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The 15400 block of Begonia Court, where Terrence Clyne allegedly punched his Palestinian neighbor and made hateful comments toward them Wednesday.

The 15400 block of Begonia Court, where Terrence Clyne allegedly punched his Palestinian neighbor and made hateful comments toward them Wednesday.

Emmanuel Camarillo

Man who allegedly punched Palestinian neighbor, shouted epithets in Orland Park is charged with hate crime

An Orland Park man who allegedly struck and made hateful comments toward a neighbor of Palestinian descent during a dispute over garbage cans is facing a felony hate crime charge.

Terrence Clyne, 68, is also charged with two misdemeanor counts of battery in the incident, which allegedly happened about 10:35 a.m. Wednesday in the 15400 block of Begonia Court, according to Orland Park police.

Officers responded to a report of a battery at the location and learned that Clyne had allegedly battered a man who moved garbage cans from one area of a communal driveway to another, police said.

Clyne made hateful comments referring to the man’s Palestinian origin and punched the man in the face, police said.

The man’s wife stepped in and tried to deescalate the situation, but Clyne allegedly made more hateful comments toward her and her Palestinian heritage, police said.

Clyne moved toward the woman “aggressively,” and her husband tried to step in between them, but police said Clyne punched the man in the face again.

According to court documents, Clyne punched the man with a closed fist twice while yelling anti-Palestinian epithets.

Clyne was released from custody after his court appearance Thursday morning, court records show.

There were no signs of the confrontation Thursday afternoon on the quiet Orland Park block where the incident occurred.

Neighbor T.J. Schaal, 31, said he heard plenty of yelling from his room Wednesday morning but didn’t get a good look at the confrontation.

Schaal said he didn’t hear everything that happened, but remembers hearing someone yell “open the door!” Schaal said, adding that he also heard what sounded like someone pounding on a garage door.

“It was loud,” Schaal said. Officers showed up not long after he heard the shouting.

Bernadette Schaal, T.J.’s mom, has lived in the neighborhood for several years. She said the area is very welcoming of many families of Arab and Muslim heritage, and was surprised to hear of the hate crime investigation.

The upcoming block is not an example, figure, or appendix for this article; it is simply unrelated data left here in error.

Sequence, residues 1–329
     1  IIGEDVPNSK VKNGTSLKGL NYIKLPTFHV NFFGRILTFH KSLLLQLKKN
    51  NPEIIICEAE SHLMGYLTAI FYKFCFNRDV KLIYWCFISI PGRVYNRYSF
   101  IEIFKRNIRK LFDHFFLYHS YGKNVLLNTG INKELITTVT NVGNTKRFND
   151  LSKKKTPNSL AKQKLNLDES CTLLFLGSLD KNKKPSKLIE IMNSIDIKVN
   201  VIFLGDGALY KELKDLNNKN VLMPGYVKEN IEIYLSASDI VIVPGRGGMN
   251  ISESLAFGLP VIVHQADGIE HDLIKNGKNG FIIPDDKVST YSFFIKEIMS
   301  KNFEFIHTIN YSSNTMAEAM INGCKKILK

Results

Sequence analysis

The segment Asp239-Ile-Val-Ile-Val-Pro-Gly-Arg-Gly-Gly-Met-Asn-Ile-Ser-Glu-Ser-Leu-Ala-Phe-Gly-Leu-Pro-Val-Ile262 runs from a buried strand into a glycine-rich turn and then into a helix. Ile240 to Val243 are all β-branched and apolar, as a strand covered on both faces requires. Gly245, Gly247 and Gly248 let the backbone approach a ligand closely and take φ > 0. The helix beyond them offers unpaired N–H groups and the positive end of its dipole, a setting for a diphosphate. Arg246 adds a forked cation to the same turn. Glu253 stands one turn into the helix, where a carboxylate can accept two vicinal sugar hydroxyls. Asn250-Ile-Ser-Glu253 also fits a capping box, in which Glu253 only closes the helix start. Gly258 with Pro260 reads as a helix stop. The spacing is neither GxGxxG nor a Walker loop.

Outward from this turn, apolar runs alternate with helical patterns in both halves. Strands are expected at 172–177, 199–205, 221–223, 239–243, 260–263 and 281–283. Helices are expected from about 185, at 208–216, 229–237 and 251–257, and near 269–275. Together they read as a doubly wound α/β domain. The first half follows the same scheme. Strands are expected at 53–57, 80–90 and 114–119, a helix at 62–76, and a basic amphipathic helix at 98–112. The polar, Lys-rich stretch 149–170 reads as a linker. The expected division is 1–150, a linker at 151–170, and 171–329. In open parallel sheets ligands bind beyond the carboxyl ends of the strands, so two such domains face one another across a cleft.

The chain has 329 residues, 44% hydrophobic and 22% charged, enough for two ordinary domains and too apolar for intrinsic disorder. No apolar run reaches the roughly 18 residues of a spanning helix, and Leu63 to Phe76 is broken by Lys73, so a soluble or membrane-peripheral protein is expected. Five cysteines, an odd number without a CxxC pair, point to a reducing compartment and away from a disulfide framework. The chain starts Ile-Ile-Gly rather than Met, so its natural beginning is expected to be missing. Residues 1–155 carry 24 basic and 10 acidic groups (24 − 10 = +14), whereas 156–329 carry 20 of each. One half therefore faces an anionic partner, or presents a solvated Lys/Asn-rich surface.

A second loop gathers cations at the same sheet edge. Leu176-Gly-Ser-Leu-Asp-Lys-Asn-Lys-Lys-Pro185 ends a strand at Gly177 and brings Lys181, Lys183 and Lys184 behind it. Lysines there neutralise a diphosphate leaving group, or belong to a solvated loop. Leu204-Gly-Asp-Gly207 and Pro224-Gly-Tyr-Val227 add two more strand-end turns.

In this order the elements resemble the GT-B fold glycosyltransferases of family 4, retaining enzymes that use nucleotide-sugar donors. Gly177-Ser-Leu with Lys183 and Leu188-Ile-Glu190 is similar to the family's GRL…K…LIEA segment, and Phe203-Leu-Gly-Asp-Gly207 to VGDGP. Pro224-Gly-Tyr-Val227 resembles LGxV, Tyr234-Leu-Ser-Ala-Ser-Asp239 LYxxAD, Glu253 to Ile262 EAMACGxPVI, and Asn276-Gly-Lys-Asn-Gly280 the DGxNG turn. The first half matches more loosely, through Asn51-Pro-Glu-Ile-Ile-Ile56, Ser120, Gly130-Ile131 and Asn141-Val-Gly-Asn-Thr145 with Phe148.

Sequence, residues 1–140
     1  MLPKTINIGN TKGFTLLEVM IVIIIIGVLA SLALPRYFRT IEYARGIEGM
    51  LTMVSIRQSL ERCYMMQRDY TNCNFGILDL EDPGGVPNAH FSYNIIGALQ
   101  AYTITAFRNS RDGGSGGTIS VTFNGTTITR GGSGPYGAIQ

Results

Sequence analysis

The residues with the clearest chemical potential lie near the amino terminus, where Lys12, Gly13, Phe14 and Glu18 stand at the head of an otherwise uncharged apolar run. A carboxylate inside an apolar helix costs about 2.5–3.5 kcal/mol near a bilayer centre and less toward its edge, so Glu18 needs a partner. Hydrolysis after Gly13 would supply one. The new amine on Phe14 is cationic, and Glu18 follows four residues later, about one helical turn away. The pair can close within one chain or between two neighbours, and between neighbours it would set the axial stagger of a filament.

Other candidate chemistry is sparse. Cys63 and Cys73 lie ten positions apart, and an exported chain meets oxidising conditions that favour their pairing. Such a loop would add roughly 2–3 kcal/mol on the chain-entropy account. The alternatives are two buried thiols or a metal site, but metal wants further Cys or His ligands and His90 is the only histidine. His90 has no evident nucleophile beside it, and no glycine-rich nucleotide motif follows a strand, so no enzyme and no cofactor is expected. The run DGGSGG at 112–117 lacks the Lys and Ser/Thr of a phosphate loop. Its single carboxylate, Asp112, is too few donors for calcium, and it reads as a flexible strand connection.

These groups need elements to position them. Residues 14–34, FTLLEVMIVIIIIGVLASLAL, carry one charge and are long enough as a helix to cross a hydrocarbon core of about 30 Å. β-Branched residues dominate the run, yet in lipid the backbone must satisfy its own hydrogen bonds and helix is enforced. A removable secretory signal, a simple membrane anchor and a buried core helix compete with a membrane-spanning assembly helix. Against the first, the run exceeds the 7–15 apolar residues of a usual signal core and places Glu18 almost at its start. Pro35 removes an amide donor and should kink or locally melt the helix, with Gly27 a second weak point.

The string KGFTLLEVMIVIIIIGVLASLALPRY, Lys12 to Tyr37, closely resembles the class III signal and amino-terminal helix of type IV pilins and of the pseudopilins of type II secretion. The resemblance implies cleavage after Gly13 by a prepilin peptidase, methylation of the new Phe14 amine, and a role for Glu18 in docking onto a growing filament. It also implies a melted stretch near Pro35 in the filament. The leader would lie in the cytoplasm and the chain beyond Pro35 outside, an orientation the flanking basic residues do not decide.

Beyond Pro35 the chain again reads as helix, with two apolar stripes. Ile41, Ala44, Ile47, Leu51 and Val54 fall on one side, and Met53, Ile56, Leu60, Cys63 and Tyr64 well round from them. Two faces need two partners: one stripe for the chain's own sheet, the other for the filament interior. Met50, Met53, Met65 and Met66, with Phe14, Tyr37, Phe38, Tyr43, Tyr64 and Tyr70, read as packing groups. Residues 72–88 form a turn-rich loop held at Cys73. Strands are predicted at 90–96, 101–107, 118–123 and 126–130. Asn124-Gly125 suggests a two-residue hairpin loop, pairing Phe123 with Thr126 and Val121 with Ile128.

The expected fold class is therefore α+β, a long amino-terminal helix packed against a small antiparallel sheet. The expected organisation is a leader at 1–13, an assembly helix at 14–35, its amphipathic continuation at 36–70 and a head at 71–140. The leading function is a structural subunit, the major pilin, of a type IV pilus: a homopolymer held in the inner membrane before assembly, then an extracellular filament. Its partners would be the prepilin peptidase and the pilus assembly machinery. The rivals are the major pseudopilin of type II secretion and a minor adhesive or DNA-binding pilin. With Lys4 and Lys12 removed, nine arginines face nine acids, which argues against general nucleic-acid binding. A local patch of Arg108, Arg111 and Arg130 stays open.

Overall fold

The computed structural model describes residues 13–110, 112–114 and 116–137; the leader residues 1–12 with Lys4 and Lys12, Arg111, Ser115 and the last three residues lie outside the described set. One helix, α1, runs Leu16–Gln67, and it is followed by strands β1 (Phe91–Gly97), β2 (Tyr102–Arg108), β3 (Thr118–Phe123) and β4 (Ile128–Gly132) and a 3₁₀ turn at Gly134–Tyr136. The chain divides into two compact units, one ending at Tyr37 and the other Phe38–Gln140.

“This is a huge melting pot,” the 52-year-old said. “I’ve lived here a very long time and that stuff, I’ve never seen it. I’m kind of shocked, to be honest with you.”

Bernadette Schall and her family said they really only see Clyne when he gets his mail, and interactions with him have been cordial.

Since war broke out in Gaza on Oct. 7, hate directed at Chicago-area Arab Americans and Muslims, as well as antisemitic incidents and rhetoric, have left both communities feeling fearful and isolated.

Two Chicago-area Muslim schools have received violent threats, a suburban man was charged with a hate crime for threatening to shoot two Muslim men and another suburban man allegedly told a woman, “Go back to your country.”

And 6-year-old Palestinian American Wadea Al-Fayoume was killed in an alleged hate crime in Plainfield Township because of his ethnicity and Muslim faith, authorities said.

After the incident in Orland Park, the Chicago chapter of the Council on American-Islamic Relations released a statement applauding the hate crime charges brought against Clyne.

“We welcome the hate crime charge in this case as an indication that anti-Palestinian attacks will be taken seriously by law enforcement authorities and that the alleged perpetrators will face justice,” said CAIR-Chicago Executive Director Ahmed Rehab.

Antisemitic signs and flyers were found on the Northwest Side, LaGrange and Elmhurst in November, and the word “Nazis” was spray-painted on the Michigan home of former Chicago Mayor Rahm Emanuel.

Last week, a woman was arrested on suspicion of drawing swastikas and other antisemitic graffiti on an Orthodox Jewish school, a Chicago Park District facility and other buildings on the North Side.

Contributing: Nader Issa

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